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|Title:||Learning to Process Faces: Lessons from Development and Training|
|Keywords:||facial recognition;facial identity;children;adult|
|Abstract:||The present collection of studies examined the development of the ability to recognize facial identity rapidly and accurately, using two complementary approaches: comparing the performance of children and adults, and by training observers to learn novel stimuli in a laboratory setting. Across studies, children 8 to 10 years old performed less accurately than adults, a finding that confirms previous research that face processing takes many years to develop. However, results from two studies suggest that by 8 years of age, children encode individual facial identities relative to the average of previously experienced faces, in a manner similar to adults. The findings suggest that the basic mental architecture supporting face recognition is in place by 8 years. Additionally, children improved their ability to recognize unfamiliar faces from various viewpoints after just two, one-hour sessions of training, although the rate of learning was more variable than that observed in adults. The results from two studies also revealed that children's recognition accuracies of facial identity were lower than those of adults. An examination of children's similarity judgments of facial identity revealed that such immaturities in children's face processing may stem from greater variability in the mental representation of facial identities, rather than from immaturities in the encoding process per se. Findings from a final study suggest that the ability to make fine perceptual discriminations among individual faces arises, in part, from experience differentiating faces at the individual level, unlike the experience with non-face objects that typically involves recognition at the category level. The findings from the studies presented in this thesis suggest that such perceptual expertise may arise only with years of experience recognizing individual faces, and with sufficient neural development to support a stable mental representation of individual facial identities.|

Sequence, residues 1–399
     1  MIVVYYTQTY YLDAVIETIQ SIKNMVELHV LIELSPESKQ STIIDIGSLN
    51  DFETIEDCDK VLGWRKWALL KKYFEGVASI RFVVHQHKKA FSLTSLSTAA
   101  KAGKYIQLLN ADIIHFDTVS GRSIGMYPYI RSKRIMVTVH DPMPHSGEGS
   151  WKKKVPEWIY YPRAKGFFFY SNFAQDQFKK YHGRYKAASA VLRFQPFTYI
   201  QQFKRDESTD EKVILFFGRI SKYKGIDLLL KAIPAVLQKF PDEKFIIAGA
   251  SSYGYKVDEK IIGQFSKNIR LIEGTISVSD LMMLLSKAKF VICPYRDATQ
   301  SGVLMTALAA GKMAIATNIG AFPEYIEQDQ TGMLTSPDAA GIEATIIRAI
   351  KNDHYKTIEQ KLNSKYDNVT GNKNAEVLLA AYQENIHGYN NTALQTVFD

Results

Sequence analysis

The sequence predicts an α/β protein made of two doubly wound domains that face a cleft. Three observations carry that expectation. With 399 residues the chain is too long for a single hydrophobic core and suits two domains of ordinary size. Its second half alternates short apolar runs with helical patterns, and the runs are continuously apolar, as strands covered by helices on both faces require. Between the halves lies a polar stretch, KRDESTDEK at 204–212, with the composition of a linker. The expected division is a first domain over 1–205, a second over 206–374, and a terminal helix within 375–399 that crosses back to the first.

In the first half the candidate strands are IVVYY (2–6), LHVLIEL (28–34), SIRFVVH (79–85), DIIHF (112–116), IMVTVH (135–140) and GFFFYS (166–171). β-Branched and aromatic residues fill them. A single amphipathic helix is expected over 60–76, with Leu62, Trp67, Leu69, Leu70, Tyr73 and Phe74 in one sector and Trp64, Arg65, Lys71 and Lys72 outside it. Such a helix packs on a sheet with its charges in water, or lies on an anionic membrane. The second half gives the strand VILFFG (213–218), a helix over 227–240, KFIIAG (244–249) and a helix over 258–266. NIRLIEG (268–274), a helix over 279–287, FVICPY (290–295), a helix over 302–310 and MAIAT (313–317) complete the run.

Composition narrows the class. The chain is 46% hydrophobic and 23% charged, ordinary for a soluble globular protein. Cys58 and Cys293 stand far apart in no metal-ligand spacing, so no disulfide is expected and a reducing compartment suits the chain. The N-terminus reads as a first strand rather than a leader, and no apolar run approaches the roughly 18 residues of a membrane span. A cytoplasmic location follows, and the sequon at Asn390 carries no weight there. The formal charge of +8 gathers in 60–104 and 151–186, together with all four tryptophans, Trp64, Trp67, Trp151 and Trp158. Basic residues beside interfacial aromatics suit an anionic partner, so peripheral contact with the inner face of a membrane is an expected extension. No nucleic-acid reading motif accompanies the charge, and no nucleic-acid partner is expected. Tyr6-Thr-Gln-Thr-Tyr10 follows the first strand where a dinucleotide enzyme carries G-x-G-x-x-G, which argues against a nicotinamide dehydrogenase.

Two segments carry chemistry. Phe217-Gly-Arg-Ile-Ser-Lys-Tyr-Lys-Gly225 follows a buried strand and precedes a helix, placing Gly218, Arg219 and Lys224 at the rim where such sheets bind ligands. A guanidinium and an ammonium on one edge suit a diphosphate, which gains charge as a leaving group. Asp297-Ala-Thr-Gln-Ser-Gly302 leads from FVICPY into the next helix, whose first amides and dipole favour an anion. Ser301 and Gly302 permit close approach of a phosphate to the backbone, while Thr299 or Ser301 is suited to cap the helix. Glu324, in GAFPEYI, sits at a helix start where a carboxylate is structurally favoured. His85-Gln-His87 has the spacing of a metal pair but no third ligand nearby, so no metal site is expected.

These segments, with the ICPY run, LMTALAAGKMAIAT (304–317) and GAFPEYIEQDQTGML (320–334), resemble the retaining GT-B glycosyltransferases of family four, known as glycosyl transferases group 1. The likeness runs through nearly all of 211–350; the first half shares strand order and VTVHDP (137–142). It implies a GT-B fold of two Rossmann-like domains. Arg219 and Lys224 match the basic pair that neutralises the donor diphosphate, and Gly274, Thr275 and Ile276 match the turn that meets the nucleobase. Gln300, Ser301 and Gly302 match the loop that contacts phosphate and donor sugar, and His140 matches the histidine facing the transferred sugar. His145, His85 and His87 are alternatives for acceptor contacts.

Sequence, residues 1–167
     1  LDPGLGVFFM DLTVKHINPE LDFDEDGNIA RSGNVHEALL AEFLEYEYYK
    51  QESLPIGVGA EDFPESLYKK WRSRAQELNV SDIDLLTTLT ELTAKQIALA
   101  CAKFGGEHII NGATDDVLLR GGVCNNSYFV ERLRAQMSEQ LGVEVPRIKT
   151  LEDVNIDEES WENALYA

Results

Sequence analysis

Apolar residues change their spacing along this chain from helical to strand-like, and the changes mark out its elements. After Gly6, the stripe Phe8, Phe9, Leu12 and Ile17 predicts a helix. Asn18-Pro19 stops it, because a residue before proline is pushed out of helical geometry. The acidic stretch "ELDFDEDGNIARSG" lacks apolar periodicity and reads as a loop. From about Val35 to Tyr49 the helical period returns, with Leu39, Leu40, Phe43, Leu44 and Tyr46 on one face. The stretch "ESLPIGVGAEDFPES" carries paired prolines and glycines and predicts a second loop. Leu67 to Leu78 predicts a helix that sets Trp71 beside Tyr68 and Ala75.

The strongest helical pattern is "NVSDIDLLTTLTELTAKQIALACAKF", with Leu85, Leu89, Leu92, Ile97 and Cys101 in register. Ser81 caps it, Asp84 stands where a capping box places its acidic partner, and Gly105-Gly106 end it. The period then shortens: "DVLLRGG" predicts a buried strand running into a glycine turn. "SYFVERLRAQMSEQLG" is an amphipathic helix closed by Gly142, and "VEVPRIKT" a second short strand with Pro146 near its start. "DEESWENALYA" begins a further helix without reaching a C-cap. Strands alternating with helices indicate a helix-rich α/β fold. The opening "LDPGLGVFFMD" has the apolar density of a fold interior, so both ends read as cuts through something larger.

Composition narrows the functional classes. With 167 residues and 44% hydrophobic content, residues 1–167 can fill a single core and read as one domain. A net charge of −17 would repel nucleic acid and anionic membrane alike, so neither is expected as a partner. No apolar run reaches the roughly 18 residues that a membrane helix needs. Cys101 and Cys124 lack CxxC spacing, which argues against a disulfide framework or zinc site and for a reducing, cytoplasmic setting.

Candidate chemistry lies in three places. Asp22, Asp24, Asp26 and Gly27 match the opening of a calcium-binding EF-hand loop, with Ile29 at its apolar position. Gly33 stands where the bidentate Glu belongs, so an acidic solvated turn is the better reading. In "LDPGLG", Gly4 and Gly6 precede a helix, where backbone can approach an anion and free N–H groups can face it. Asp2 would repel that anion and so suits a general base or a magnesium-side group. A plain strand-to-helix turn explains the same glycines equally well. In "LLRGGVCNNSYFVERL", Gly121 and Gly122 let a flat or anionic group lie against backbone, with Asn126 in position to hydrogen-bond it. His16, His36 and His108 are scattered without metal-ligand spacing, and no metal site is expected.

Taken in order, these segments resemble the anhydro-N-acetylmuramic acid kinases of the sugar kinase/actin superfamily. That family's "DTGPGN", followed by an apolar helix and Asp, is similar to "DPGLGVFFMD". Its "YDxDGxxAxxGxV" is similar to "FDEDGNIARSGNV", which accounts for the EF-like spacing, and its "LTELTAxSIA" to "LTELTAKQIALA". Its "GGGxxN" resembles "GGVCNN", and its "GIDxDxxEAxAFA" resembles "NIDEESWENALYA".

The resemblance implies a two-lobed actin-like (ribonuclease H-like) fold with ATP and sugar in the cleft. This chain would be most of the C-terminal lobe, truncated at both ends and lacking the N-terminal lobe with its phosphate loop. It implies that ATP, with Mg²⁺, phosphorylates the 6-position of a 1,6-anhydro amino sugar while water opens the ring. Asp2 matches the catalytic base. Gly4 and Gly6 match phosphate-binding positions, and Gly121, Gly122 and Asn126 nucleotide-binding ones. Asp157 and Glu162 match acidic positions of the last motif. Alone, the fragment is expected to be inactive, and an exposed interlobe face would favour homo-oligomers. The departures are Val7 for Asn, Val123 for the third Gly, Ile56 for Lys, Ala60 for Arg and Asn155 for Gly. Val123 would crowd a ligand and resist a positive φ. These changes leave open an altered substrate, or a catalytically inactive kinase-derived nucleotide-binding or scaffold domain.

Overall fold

|Appears in Collections:||Open Access Dissertations and Theses|
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|Nishimura Mayu.pdf||Thesis||78.23 MB||Adobe PDF||View/Open|
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